Public school Principal Fatima Al Zaabi said she welcomed the new curriculum, but said teachers and staff need more training.
“Now they are merged and we are one. It is good, really, because everything will be clear and it will be easier for the parents to understand,” said Ms Al Zaabi. “We need some more training because it is new. Even for the technology and computer labs, there is a lot of programming for them and they didn’t know about it, so they need training. Also for the moral education also, it is new, they need training.”
But as hallways filled with giddy students, the challenges of the new academic year was far from everyone’s minds, teachers and principals said.
“Today was a huge success with returning families as well as new coming back to BSAK after a wonderful summer,” said Mark Leppard, headmaster of one of the country’s oldest private schools, the British School Al Khubairat.
“There was a real buzz in the air with students meeting their new teachers as well as getting their new timetables. A series of assemblies throughout the day allowed students to set their goals for the year ahead and they were all encouraged to continue to aim high and exceed expectations. We had most of our students back in school today ready for the exciting year ahead.”
At GEMS Wellington Primary School in Dubai, returning pupils were pleasantly surprised to find their school had undergone a summer facelift. Although the school opened last week, the first assembly was Sunday.
“It was like children seeing a birthday present – their eyes peeling open at the wonder and the awe of seeing their school open again,” said Stephen Chynoweth, principal. “To hear the corridor – the chorus of children’s voices – to hear that chatter, that murmur, that life blood of our school, the children and the families back in, it was magical.”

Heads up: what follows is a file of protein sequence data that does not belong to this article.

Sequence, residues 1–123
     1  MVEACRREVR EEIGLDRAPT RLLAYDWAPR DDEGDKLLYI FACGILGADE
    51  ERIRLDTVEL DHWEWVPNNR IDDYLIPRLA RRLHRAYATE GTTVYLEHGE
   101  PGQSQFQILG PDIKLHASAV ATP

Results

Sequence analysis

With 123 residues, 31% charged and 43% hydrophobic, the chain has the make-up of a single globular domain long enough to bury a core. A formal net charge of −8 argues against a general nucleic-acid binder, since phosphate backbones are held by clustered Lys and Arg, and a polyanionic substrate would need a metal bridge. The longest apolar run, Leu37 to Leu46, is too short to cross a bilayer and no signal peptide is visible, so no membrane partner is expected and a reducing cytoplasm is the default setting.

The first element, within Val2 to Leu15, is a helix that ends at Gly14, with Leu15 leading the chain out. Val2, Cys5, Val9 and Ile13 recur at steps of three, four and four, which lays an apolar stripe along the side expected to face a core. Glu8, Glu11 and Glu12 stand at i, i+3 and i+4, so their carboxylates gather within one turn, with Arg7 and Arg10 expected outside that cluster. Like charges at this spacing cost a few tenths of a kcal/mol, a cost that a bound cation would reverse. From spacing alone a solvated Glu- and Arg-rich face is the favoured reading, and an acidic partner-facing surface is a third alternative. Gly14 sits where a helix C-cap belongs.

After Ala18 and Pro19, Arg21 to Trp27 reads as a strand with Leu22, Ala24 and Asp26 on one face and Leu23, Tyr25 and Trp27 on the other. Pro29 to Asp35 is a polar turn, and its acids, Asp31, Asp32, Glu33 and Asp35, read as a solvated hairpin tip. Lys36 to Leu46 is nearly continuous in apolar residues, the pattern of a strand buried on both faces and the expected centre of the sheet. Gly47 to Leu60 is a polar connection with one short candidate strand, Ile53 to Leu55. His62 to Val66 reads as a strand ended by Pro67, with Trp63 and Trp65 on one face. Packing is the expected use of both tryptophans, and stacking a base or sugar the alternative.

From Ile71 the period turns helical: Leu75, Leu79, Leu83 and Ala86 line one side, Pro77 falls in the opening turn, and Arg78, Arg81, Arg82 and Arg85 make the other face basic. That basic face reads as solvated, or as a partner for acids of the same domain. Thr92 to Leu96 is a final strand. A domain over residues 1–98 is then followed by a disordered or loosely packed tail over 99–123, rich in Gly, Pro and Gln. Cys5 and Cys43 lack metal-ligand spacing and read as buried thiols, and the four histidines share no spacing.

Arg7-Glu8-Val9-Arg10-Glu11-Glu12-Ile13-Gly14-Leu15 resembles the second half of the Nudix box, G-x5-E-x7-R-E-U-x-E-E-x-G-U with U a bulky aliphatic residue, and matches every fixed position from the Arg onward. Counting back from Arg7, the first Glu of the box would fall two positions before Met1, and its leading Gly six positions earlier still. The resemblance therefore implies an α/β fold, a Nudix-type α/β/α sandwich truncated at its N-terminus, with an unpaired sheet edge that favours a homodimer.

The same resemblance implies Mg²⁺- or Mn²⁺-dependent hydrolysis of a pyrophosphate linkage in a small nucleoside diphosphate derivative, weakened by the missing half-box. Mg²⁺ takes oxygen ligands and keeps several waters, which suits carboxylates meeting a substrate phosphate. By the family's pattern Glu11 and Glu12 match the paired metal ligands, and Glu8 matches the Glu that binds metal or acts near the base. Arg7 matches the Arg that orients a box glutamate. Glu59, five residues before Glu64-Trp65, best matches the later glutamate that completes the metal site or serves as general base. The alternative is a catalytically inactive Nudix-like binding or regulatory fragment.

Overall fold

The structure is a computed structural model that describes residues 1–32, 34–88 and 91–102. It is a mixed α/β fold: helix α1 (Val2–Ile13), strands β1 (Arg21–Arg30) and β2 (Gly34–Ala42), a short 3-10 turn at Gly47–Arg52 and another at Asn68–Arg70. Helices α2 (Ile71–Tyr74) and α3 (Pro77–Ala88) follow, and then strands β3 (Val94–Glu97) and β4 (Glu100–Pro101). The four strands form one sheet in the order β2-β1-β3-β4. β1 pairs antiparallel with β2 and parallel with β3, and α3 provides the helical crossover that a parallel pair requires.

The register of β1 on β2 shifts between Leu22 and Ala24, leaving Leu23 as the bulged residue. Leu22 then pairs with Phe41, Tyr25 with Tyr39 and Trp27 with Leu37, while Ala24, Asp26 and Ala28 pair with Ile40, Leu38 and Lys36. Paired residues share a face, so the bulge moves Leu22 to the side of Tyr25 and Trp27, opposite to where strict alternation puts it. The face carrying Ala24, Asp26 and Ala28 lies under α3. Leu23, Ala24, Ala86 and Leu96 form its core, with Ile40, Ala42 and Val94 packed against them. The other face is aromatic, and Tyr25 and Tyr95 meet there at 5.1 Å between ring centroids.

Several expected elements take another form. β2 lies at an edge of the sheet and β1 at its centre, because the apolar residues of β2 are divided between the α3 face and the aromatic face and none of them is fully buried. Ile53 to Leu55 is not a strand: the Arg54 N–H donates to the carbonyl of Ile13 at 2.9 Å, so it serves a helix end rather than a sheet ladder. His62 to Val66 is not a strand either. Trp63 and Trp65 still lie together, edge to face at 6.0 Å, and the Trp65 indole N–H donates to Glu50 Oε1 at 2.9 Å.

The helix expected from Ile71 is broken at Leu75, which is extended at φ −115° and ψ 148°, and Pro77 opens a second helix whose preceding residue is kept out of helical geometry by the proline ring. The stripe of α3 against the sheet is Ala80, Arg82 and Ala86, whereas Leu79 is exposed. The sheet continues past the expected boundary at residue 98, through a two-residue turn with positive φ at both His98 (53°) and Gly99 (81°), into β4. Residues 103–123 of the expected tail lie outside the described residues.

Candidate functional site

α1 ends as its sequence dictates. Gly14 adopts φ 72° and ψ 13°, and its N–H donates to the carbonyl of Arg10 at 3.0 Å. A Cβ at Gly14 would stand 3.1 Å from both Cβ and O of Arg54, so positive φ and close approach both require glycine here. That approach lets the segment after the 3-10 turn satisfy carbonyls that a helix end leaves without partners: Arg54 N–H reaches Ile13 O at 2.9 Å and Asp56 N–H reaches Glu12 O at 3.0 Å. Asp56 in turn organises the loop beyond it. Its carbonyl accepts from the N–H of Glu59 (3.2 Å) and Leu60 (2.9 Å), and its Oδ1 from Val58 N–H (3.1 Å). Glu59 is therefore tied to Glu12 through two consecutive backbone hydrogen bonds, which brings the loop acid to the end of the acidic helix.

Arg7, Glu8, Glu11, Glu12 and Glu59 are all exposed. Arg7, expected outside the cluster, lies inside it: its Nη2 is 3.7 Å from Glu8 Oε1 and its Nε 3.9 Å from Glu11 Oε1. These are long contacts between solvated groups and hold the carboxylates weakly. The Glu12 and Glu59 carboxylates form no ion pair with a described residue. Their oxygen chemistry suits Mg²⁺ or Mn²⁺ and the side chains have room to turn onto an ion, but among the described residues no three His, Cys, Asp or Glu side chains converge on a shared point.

Nura Arabi, physical education and health teacher, said teachers had been busy ensuring everything would be just right for the students’ return.
“You have to make sure everything is set, everything is ready for the students, there is nothing missing for them, making sure that all the documents and all the planning is there,” said Ms Arabi. “It was great to see the students again. I haven’t seen them for the whole summer, so for me as a teacher it’s always nice to see my students again.”
Ms Arabi praised the government’s decision to clamp down on private schools to raise standards.
“It is good for the students. It is a lot more work for the teachers, of course, but it is good for the school overall,” said Ms Arabi.
Bassam Abushakra, regional director for private school operator Esol Education, said principals at the three schools in the UAE “all have had a smooth day".
“Attendance is above 90 per cent at the three schools, which is good and as expected. By next week we should be higher,” said Mr Abushakra.
“Students are always very happy to be back at school with their friends and teachers after a long summer break, and this is no different this year, so the atmosphere has been quite electric.”